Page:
Friday, October 5, 2007- The day Marion Jones was scheduled to plead guilty to "two counts of lying to federal agents about her drug use." In a Washington Post article by Amy Shipley entitled "Marion Jones Admits to Steroid Use," she gives an account of the most important details of the scandal that were reported.
The International Olympic Committee in December 2004 opened an investigation into allegations surrounding steroid use by Jones.

Jones asserted that her coach, Trevor Graham, gave her the substance, assuring that it was a "nutritional substance." Jones said she "trusted [Graham] and never thought for one second" she was using a performance-enhancing drug and that "red flags should have been raised in [her] head when he told me not to tell anyone about" the supplement program. The clear, also known as THG, or tetrahydrogestrinone, was the steroid Graham was supplying Jones with for two years. Graham was indicted in November 2007. Marion Jones was sentenced in a federal court to six months in prison and two years of probation and community service for lying to federal prosecutors investigating the use of performance-enhancing substances. Probably her worst punishment- she had to give back all of her Olympic Medals won at the 2000 Games.

As an athlete myself, it always unsettling to hear that a successful athlete has used steroids to enhance their performance. Through hard work, endless training, perseverance, and dedication, you can easily accomplish your goals. There is absolutely no need to use illegal substances. Quite frankly, it's just flat-out stupid. Work hard, train hard, and play hard and you'll get where you want, guranteed. It is those athletes that do those three things, like Shawn Johnson and Katie O'Donnell who was recently recognized as "Sportswoman of the Year" and the "Honda Award Winner" for field hockey whose dreams come true. They're role models for every athlete out there.

Using illegal substances is cheating and cheating is for losers.
Until we meet again,
xoxo Brunette

Sunday, October 24, 2010

Those Who Are Without...

So, this Parent's Day at Sem got me thinking. So many students got the chance to bring their parents to class, but me, I didn't have that chance. With so many others things that my mom has going on at home, she didn't get a chance to come visit me. It is sometimes so difficult to watch my friends with their grandparents, parents, siblings, etc. This made me wonder: how do people deal with not having their parents at all? It is easier for me because when I think about it, I know that my mom is still here.

Etheridge Knight, a famous poet from the mid 20th century, was once married to Sonia Sanchez, another famous poet. Sonia Sanchez, born Wilsonia Benita Driver, lost her mother during childbirth one year after she was born. After losing her mother, Sanchez was sent to live with her grandmother and other relatives for several years. After that, her and her sister were sent to live with their father and his third wife in Harlem.

"The death of her grandmother, the only mother she had ever know, motivated Sanchez to write her first poem at age six." Her father, Wilson L. Driver, was a drummer in a jazz band and did not have as much time to care for her as he would have liked, so moving in with him and his third wife was not a particularly easy transition.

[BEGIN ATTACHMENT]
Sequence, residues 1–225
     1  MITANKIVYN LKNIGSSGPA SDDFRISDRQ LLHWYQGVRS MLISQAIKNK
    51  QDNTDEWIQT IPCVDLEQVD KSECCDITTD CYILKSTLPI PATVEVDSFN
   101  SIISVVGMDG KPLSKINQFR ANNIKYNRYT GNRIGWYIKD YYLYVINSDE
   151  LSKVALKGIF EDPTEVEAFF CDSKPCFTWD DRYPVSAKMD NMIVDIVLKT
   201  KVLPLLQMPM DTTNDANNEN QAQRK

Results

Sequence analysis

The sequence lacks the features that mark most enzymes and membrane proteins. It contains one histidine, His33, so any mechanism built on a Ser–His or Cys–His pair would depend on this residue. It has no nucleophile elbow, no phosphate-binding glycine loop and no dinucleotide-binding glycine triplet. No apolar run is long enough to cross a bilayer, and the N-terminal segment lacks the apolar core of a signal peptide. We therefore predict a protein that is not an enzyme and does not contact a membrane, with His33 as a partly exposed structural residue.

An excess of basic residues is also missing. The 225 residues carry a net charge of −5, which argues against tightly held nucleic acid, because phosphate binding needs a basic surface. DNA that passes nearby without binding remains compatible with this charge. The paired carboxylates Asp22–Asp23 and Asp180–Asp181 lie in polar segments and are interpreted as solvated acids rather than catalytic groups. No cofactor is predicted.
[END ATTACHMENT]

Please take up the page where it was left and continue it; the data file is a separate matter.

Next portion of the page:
She graduated from Hunter College in 1955 with a BA in political science and later became involved in the Civil Rights Movement and CORE. Throughout the Black Arts Movement, Sanchez became involved with other great poets like Amiri Baraka, Haki Madhubuti and Larry Neal. Sonia Sanchez is known for her prolific writing about the struggles between whites and blacks, men and women and cultures. After Amiri Baraka published her poetry in a French literary magazine, she began to consider herself a poet. Between 1967 and 1977, Sanchez taught at many universities including San Francisco University, Temple, Rutgers and many more. Sanchez was also a playwright and has lectured at over 500 universities and colleges.

Sanchez received the 1999 Langston Hughes Poetry Award and also is the 2001 Poetry Society of America's Robert Frost Medalist."She has not only been a strong voice for social justive, but has also helped others to find their own voice. Today, Sanchez has three children of her own: Morani, Mungu and Anita Sanchez. She is a truly successful woman and I admire he for her dedication. I cannot imagine what it would be like without my mother when I was younger, but even through all the turmoil, she became a very talented woman.

Quotes and some extra information from:
http://www.visionaryproject.org/sanchezsonia/

An Open Diary

It's always the poems that are about real-life events that keep us interested. They leave us wanting to dive deeper into the people's lives and learn more about them. Gwendolyn Brooks blesses us with so many wonderful poems. One poem, "We Real Cool," is about people she encounters in her work. They skip school to play pool, drink, and do other similar things. Why is this poem so interesting? Of course it's because of it's unique style, but it's also because of it's "this actually took place" sort of feeling. As soon as we think about that, the poem becomes 10 times more interesting. What happened to the "Seven at the Golden Shovel?" Did they die? What are they up to now? We immediately begin to wonder about what else is going on in their lives.
Well, the same goes with songs. For some reason, this analysis made me think about Taylor Swift- pop sensation, 20 year old millionaire, Grammy winner, etc. As I was reading Parade magazine, I noticed that the main spread was all about Taylor Swift and her new album and even her views on marriage. In the first paragraph-BOOM- why are her songs so popular? They're about events that have actually taken place in her life.
"I like to make songs that are really detailed, really honest."